All credit to the original: http://www.thingiverse.com/thing:1914314
This is my remix to use thicker glass (0.22 inch acryllic, which is what I found at home depot).
I love this design, but it did take me a bit to fully figure it out. I made a few of my own modifications to it, and there are a few things I'm strongly considering doing that I either didn't have time or didn't have parts to do on this build (and I need to move to other projects for a bit).
There are 3 models for corner pieces; one is a generic (
corner1_0.225in.stl) that holds glass on both sides, the other two (
corner2_a_0.225in.stl) are left and right that hold glass on one side and have a stop on the other. Print four of
corner1 and two each of the others. One will go between each table leg and the table itself and one will go under the leg above the base board.
It wasn't clear to me from the original model, but this enclosure does require a bottom to it. I used a 1/2" MDF board and just cut it to the same dimensions as the LACK table -- more or less. I'm impatient, it was raining, and I normally cut things outside... so I cut it with a circular saw without a table, which produced slightly uneven results. So sue me.
Anyway, I purchased a 72"x48" sheet of 0.22" acrylic / plexiglass clone from Home Depot and cut it in a variety of ways. I think the best easy way is probably to get a halfway decent circular saw blade (one with a lot of teeth) and go slow, but I also tried using a cutting tool (from home depot) to score halfway through the acrylic and breaking it and also using a jigsaw with a special blade. The jigsaw was much easier, but with both saws I ended up being too impatient to get a really clean edge.
All of that said, I think it would have been easier to find a place (quick google search turned up http://www.tapplastics.com/product/plastics/cut_to_size_plastic/acrylic_sheets_clear/508) which would let me order them pre-cut; not just easier, but also only very slightly more expensive. You choose =]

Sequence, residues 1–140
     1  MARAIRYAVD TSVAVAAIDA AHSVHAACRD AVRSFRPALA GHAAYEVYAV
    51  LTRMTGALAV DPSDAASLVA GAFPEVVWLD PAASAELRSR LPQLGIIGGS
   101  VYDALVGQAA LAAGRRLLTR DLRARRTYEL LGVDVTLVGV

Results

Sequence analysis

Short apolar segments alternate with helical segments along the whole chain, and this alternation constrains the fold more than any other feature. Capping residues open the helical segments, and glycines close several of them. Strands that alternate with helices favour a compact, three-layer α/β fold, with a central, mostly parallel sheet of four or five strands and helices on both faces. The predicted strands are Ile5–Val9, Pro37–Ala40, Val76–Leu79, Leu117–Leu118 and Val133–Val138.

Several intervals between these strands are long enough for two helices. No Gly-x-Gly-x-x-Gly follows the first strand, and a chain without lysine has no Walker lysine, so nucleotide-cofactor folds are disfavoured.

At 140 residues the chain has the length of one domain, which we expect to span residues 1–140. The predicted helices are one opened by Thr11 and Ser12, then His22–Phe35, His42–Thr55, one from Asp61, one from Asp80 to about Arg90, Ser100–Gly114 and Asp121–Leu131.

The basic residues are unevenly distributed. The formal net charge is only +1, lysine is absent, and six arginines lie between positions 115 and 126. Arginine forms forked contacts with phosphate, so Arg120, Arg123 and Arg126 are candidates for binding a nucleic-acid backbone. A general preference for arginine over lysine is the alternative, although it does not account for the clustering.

Anyway, putting it together is pretty straightforward; I modified the hinges to lay flat. I used http://a.co/3NQzZaW to hold the hinge to the glass (note the version of the hinge with 3 holes on the glass side) and http://a.co/iwv7c2z to hold the hinge to the wood. Make sure you don't drill too large of a hole for those screws; the legs aren't that robust, so you want as much grip as you can get from the screws. Same with the glass; I didn't need nuts on the other side because those screws will dig into the plastic just fine.
I found that with the thicker glass the original smaller magnet size wasn't good enough so I modified the handle and door stop to use 20x2mm (3/4" x 1/16") neodymium magnets.. mostly because I had them. Search ebay for "3/4 x 1/16 Inch Neodymium" and you'll find plenty of options to buy them.
For the lights I used a pair of LED rigid strip lights from eBay and a 45W 12V LED power supply with a inline rocker switch. I had to cut a notch in the edge of the glass on each side to allow the USB and power cables in; I'll likely do something similar when I add a camera.
Future considered mods:
- Move the power supply to the outside of the glass so it isn't affected by the heat
- Strap / bolt down the printer to the base so that it can't move and to reduce vibration
- Move the rambo (control) board outside of the enclosure, which would probably require lengthening most of the wires
- Move the control head outside of the enclosure